Natural Language Part 4- The Long-Term Vision

Natural language processing is both one of the most essential areas of artificial intelligence to develop fully in order to realize human-level intelligence, and an area in which success is very likely to be achieved in the not-too-distant future. The reason why I saw it is essential should be fairly obvious-language is the means by which humans communicate, so for a machine to operate at a human level, it needs to be able to communicate in their language. The reason why I saw it is likely to be achieved in the fairly near future is because we have, in the Internet, a tool available to us which has given unprecedented opportunity for advances in natural language and artificial intelligence.

I recall a number of years ago writing a proposal for Rama to build a natural language processing system. The natural language processing system would start with an intelligent chatbot where humans and computers interact-there are many such chatbots in existence and there have been for many years. Then, there would be a very large number of conversations between computers and humans using this chatbot. The idea was to build a very large learning engine which would take an extensive set of dialogs between humans and machines and provide feedback to the chatbot based upon the quality of its interactions with the humans. Such factors as an extended dialog with the human, or long responses, or favorable words ("great", "sounds good", etc.) in the human's responses would indicate that the machine was performing well, and this positive and negative information would form the basis of a learning algorithm from which the machine could improve its dialog. The chatbot could try using particular words in particular contexts to see what kind of a response it generated-positive or negative-and then would gradually learn from its experience. The key would lie both in building the learning engine, and in employing a very large number of humans for an extended period to engage in the conversations-initially probably inane but gradually growing more intelligent-needed to train the chatbots.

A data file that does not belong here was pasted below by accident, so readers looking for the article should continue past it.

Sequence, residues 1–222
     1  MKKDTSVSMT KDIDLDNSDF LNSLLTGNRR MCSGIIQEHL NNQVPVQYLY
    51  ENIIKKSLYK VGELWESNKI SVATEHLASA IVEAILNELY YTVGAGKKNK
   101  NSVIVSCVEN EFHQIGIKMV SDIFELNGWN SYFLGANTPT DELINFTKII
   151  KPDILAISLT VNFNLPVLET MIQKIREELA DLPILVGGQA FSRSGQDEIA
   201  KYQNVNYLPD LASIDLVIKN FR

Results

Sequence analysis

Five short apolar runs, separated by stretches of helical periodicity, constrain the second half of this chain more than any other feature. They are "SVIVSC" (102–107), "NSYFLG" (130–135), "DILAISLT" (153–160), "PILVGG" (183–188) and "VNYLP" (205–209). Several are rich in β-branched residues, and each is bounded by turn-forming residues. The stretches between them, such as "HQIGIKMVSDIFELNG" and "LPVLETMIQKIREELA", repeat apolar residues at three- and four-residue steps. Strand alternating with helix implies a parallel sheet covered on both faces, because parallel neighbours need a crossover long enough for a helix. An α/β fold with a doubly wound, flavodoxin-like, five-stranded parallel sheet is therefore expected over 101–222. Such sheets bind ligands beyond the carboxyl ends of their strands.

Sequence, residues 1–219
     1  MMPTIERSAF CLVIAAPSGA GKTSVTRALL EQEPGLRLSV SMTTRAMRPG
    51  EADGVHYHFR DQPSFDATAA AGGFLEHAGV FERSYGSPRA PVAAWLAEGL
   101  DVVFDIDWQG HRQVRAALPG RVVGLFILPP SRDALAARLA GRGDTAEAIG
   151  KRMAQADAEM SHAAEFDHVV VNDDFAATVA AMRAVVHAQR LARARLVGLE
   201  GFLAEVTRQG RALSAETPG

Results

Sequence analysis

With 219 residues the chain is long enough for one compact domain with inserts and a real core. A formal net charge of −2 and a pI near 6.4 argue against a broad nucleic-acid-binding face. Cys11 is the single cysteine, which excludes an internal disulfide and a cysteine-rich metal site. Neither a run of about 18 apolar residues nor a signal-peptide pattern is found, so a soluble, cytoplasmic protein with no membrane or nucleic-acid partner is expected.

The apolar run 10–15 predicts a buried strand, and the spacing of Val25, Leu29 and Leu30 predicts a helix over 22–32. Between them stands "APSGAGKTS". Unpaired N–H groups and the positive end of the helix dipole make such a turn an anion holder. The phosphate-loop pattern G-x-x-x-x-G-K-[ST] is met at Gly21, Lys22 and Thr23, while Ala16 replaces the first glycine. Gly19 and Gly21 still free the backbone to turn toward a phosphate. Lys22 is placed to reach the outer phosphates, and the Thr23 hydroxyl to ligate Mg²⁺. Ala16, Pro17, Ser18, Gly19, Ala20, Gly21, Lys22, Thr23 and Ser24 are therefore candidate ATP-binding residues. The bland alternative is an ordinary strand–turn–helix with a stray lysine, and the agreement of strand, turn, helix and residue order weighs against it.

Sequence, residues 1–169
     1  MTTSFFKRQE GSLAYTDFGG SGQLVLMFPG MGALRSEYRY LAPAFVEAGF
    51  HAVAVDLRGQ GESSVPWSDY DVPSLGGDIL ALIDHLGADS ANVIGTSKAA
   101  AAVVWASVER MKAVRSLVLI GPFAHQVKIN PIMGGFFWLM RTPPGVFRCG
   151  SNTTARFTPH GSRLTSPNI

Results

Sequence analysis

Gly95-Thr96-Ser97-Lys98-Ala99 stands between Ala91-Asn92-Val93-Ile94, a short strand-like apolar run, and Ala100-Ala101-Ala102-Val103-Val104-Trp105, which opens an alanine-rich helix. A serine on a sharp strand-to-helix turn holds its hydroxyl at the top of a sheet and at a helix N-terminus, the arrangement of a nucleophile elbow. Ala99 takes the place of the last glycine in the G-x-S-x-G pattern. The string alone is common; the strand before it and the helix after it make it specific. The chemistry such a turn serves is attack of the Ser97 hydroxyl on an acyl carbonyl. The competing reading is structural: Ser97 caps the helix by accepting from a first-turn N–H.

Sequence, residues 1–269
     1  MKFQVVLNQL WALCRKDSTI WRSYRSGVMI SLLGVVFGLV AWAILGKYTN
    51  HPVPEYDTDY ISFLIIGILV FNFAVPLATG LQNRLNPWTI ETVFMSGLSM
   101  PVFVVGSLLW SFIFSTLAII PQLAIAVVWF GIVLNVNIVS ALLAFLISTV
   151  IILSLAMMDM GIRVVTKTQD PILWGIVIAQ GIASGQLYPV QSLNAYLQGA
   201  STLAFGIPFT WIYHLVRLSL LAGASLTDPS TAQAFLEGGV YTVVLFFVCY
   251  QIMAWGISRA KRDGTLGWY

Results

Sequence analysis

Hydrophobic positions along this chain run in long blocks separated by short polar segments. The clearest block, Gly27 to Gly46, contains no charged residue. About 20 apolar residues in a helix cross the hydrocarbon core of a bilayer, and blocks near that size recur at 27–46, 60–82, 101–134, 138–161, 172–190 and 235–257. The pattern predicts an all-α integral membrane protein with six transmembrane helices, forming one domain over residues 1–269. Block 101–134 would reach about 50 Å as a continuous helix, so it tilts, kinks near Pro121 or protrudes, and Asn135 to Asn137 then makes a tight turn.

One big drawback to this proposal at the time had been the cost of employing these humans, which would have been very large. Today, with the Internet, a chatbot can engage in human conversation on any one of many chat channels on the Internet, and hence the cost of such interactions is now trivial.

An important facet of this proposal was that as the chatbot learned what language is appropriate to use in particular circumstances, it would not necessarily ascribe any meaning to the words it learned how to use. It would simply converse "intelligently" without really understanding what it was saying. This idea was based upon a fundamental belief of mine-which I'll concede is only an opinion and could be wrong-that words and language really have no underlying meaning, but is simply a collection of symbols used to communicate. I base this partly on how a baby first learns to use language. Essentially, the baby gets feedback from its parents as to what words sound most like "mama" or "dada", and learns these words not from any fundamental understanding of the meanings of the words, but from the feedback which she receives.